surgeon in eastern Iowa, was called away
lrom home for a few days ; during his ab"
sence one of the children contracted a
severe cold and his wife bought a bottle
of Chamberlin'a Cough Remedy for it.
They were so much pleased that they
afterwards used several bottles at var
ious times. He said, from experience
mm iv, ucaegmuru ll on L11C xiiuhl reli
able preparation in use for colds and that
it came the nearest being a specific of
any medicine he had ever; seen. For
Bale by Snipes'& Kinersly.-
. It seems that . the people who are
engineering the scheme for a new morn-
ini? dflilv. in "Pnrr.lsind i a tro oTcwnfcul
some very sharp practice. The Oregon-
tan Has the exclusive morning franchise
f routine Associated Press for Portland
and nsother paper can by any possibility
get it, without the consent of the big
daily. The manipulators of the soon-to-be-born
-daily . got the franchise for
Albina, without any trouble and now
that Albina has been consolidated with
Portland the new paper comes in with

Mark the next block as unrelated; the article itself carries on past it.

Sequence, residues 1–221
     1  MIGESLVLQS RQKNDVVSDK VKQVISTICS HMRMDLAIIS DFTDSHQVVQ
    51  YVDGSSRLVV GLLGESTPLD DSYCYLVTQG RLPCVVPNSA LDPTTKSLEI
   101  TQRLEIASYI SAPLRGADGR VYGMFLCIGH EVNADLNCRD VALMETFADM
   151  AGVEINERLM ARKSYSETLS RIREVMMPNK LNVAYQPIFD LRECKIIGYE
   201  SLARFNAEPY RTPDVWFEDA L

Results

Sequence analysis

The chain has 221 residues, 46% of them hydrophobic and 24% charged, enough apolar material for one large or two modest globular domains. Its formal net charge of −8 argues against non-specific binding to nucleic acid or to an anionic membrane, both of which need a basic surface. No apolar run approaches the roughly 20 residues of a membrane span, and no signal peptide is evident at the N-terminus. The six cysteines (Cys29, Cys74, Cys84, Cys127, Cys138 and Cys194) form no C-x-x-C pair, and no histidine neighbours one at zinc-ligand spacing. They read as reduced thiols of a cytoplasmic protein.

all the rights of a full -fledged Portlander.
We venture that a big lawsuit will grow
out of it but it was a bright idea all the
Rev. Thos. Atchison of Dufnr is in the
city. r .
Mr. A. C. Stanford, of Waniic, was in
the city today.'.
Next Sunday will be George Washing
We learn that Mr. Thauborn, of Kings
ley, is lying very ill. '
The bill requiring barber shops to
close on Sundays has passed the senate.
It is believed that the cleverest Indian
fighter in the nation today is reservation
The scheme to publish in the news
papers the laws passed by the legisla
ture has failed.
We understand the supply depart
ment of the U. P. has ordered a large in
crease of supplies sent to -The Dalles
shops. If there is any meaning in
it, what is it? '
The governor of California has signed
a bill offering $2,500 reward for the arrest